An undersea home has certain pros and cons that set it apart from any other sort of base.
An underwater home is immune to explosions, most mobs have difficulty attacking it, and it will provide a high level of protection and concealment. The difficulties with an undersea build in survival mode is that it presents challenges of reduced movement and mining speed, breathing while working, clearing water from the structures, special measures for entry and exit on deep bases.
Movement and mining speed underwater can be improved by the player equipping a helmet enchanted with the Aqua Affinity, which increases underwater mining speed, with a maximum tier of 1, and Depth Strider, which increases underwater movement speed, the maximum tier being 3.
Building underwater is safer and simpler while wearing a helmet enchanted with Respiration and having some 8 minute Potion of Water Breathings ready to drink. Note that Respiration only extends ones "breath holding" time, it does not give true underwater breathing. Although they do not give one enough time for work, even 3 minute potions will be of use in getting down to a deep base where you will have other means to keep breathing.
For extended work periods a player will need to have air bubbles close by in which the breath meter can be refilled. The bubble column from a magma block will recharge your air supply but be careful that the downdraft does not suck you down into the magma block.
Before the Aquatic Update (version 1.13) in Java Edition it was possible to make air bubbles with fence posts, signs, glass panes, iron fencing, ladders and stairs as these blocks did not fill their volume completely, and would drive out water when placed. With the aquatic update only doors, fence gates, and banners still have these properties, and only in Java Edition. In other versions all the rest will become waterlogged when placed into a water source block.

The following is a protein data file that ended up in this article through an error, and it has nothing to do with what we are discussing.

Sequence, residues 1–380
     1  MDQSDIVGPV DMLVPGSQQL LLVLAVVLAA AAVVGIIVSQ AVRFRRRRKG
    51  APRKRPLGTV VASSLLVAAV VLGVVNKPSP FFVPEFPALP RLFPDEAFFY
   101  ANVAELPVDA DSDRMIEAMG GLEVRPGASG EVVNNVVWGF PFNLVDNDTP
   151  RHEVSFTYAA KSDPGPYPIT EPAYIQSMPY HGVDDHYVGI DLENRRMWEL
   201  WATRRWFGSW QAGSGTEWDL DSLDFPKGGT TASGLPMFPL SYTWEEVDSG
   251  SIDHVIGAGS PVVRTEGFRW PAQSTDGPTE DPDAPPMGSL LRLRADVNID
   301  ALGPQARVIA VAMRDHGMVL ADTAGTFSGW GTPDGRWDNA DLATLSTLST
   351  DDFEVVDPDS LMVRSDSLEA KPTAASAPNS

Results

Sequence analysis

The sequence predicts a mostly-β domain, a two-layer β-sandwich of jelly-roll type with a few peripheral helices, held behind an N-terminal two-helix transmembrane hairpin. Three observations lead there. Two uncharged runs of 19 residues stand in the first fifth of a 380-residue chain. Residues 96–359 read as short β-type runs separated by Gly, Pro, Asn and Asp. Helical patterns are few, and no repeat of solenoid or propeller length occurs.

Doors and banners are the best options for making a breathing space as they can be placed on top of any block, even without walls on each side, and provide the needed head high air space. A gate needs to be placed against a head high vertical block, or be stacked up from the bottom to work. Note that only the upper half of a banner makes an air bubble so when placed on a wall it must be set head high.
In Bedrock Edition, all blocks are subject to waterlogging, meaning there are no blocks you can use to displace water source blocks to create an air space. Doors, ladders, and gates can be used to displace running water only.
In relatively shallow waters you can just swim down and place "bubble blocks" to create a place to stand. From that you can place blocks out into the water to make walls and then a ceiling, then use a method of clearing water to finish the room.
The "lily pad" method creates a 3x3 column to the bottom by dropping sand off the four edges of a lily pad from a boat on the surface. Alternatively you can place a block onto the lily pad to make it easier to place the sand. Once you have an enclosed 1 block column of water you work you fill the central block with more sand, then work your way down from the top digging out the central column of sand and replace at least one of the sides with a non-falling block, like dirt or wool, and place ladder blocks on the non-falling block. When you reach the bottom you can dig out through the solid wall (it will not collapse) and place a door to keep the water out. Or you can dig down further into the seabed and make your base entirely below water.